"... 5. In the hands of the States of to-day there is a great force that creates the movement of thought in the people, and that is the Press. .... to express and to create discontent. ... and it has fallen into our hands. Through the Press we have gained the power to influence while remaining ourselves in the shade; thanks to the Press we have the Gold in our hands.... " - Protocols of the Elders of Zion, written 1897
After nearly nine years, the Iraq war
finally came to an end. This bittersweet moment left many asking why
America invaded Iraq in the first place and did we accomplish anything
before we left? From the get-go, the Iraq War has been based on shaky
evidence and questionable intelligence, all of which have led to the
controversies we still discuss today.
The most recent incident to spark controversy and criticism of the
Iraq war was the release of a video showing four U.S. Marines urinating
on dead Taliban fighters in Afghanistan. The video was made between
March and September 2011 and was released in early January 2012. The
infamous video circulated around the world, provoking condemnation from
the Afghan president as well as the Obama administration. The Marines
featured on camera may face criminal charges.
The capture and killing of Osama bin Laden was a groundbreaking
moment in the Iraq war. Obama said the incident was a significant moment
in the United States' mission to defeat Al Qaeda and bring down the
mastermind of the 9/11 attacks. Although it was momentous for America,
there was quite a bit of controversy over his sea burial that allegedly
took place within 24 hours of his death. Many questioned why the U.S.
gave bin Laden a burial that was in accordance with Islamic tradition,
and others wondered if any of it actually happened due to the promptness
and mystery behind his burial.
The United States' decision to invade Iraq was fueled by the idea
that Iraq possessed weapons of mass destruction. The Bush administration
vehemently backed this belief and felt that it was a direct threat to
America and its allies. After years of hunting for the alleged WMD,
neither the UN nor the CIA weapons inspectors were able to find any. In
2005, the investigation of WMD came to a close and Bush later admitted
to jumping the gun on declaring war without feasible evidence.
In 2007, Blackwater security personnel shot and killed 17 Iraqi
civilians without any justifiable reason or provocation. The
controversial incident underwent thorough federal investigation and in
2011 FBI scientists could not match the bullets from the shooting to the
guns used by the Blackwater guards. They also found foreign cartridges
that were not linked to the U.S. military. The case was reopened in
2011, due to "systemic" errors in the district court's dismissal of the
guards in 2009.
Throughout the war, many Americans speculated that the real reason
the U.S. invaded Iraq was to control the country's oil production.
Officials said Saddam had planned to take control of the Strait of
Hormuz and control oil shipments in the Middle East, which would have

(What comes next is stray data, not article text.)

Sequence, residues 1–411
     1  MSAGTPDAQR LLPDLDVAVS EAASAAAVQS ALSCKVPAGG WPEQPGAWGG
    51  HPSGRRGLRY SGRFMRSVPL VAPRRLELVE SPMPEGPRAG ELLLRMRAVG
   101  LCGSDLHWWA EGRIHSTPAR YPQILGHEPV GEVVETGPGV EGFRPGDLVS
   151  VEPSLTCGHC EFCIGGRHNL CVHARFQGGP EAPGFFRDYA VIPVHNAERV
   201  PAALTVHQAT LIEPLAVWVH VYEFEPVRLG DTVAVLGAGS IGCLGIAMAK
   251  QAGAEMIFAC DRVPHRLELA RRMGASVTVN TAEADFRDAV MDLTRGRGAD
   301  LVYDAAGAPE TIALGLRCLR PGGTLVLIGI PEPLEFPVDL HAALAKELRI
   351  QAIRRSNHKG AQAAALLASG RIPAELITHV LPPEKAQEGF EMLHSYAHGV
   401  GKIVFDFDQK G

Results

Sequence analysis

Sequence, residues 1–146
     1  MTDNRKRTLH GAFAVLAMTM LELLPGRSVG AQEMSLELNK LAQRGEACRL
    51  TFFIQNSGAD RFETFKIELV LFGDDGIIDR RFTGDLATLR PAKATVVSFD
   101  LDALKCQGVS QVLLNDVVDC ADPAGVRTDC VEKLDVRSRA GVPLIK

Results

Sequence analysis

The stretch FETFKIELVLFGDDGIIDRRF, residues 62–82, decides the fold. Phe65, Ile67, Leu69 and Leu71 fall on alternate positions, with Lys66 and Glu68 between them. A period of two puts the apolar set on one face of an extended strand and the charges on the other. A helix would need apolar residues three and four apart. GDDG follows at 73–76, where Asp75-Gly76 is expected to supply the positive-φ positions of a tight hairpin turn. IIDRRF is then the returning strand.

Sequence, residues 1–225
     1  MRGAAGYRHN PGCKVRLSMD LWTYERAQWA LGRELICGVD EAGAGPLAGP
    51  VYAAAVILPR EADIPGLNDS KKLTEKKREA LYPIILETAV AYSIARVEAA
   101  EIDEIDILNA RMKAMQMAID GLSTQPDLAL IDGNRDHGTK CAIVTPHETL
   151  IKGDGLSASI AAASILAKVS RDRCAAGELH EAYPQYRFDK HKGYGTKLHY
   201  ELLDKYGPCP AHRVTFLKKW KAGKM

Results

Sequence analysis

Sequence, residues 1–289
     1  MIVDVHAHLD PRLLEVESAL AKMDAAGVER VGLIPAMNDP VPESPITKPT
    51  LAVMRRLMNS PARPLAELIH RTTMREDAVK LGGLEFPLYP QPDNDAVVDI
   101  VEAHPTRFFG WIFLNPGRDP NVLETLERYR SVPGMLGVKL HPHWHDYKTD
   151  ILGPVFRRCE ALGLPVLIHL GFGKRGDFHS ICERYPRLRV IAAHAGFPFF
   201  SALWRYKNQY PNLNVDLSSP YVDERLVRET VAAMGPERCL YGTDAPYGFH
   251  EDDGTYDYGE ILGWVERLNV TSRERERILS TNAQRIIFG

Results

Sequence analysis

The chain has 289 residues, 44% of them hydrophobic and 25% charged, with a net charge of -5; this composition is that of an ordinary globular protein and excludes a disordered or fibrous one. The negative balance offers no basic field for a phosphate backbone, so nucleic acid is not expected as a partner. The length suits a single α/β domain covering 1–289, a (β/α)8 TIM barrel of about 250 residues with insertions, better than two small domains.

hurt the west in a big way. The Bush administration denied allegations
that the invasion was motivated by oil, and was backed when not a single
U.S. company secured a contract with the multibillion-dollar oil
reserves in 2009.
The execution of Iraq's President Saddam Hussein in 2006 caused mixed
reactions around the world. Ending Saddam's regime was a huge feat for
the U.S., whose goal was to free Iraq from the rule of Hussein and bring
democracy to the war-torn country. The United States justified its
capture and detainment of Hussein because he was a threat to the nation
and justice needed to be served. However, many felt it was not America's
place to determine what was right for Iraq and who should lead its
One of the goals of invading Iraq was to bring democracy to the
country and develop a lasting partnership with them. As the war carried
on, American officials began to back away from their vision of a
democracy and focused more on developing a secure and working
government. Iraq experienced some glimpses of a democratic system when
Saddam's regime was taken down and millions of Iraqis got to vote, but
the instability of the national government and military have
overshadowed Iraq's ability to become a fully functioning democracy.
In 2004, a video was released showing Islamic militants beheading
American soldier, Nick Berg, on camera. The 26-year-old soldier was
abducted and beheaded to retaliate for the U.S. military's abuse of
Iraqi prisoners. The barbaric act was posted to a radical Islamic
website and was believed to be initiated by Al Qaeda terrorist Abu Musab
The war in Iraq received unprecedented coverage around the world. The
media came under fire for bias reporting, propaganda, and censorship.
One of the most controversial topics was the reporting of casualty
milestones. Many newspapers, news channels, and online publications kept
a ticking tally of military personnel killed in the war and would
highlight the 1,000th, 2,000th, and 3,000th casualty as a milestone. The
use of casualty tallies and milestones was criticized by both
supporters and opponents of the war.
One of the biggest controversies of the war was trying to justify why
America invaded Iraq in the first place. In 2008, President Bush
admitted that going to war on flawed intelligence was a "regretful"
decision. White House officials adopted the belief that Saddam had
weapons of mass destruction, but weren't going to pull out when CIA
reported that no WMD were found in Iraq. There were several different
excuses as to why the U.S. invaded Iraq, but even eight years later, the
real reason still remains a huge question mark.
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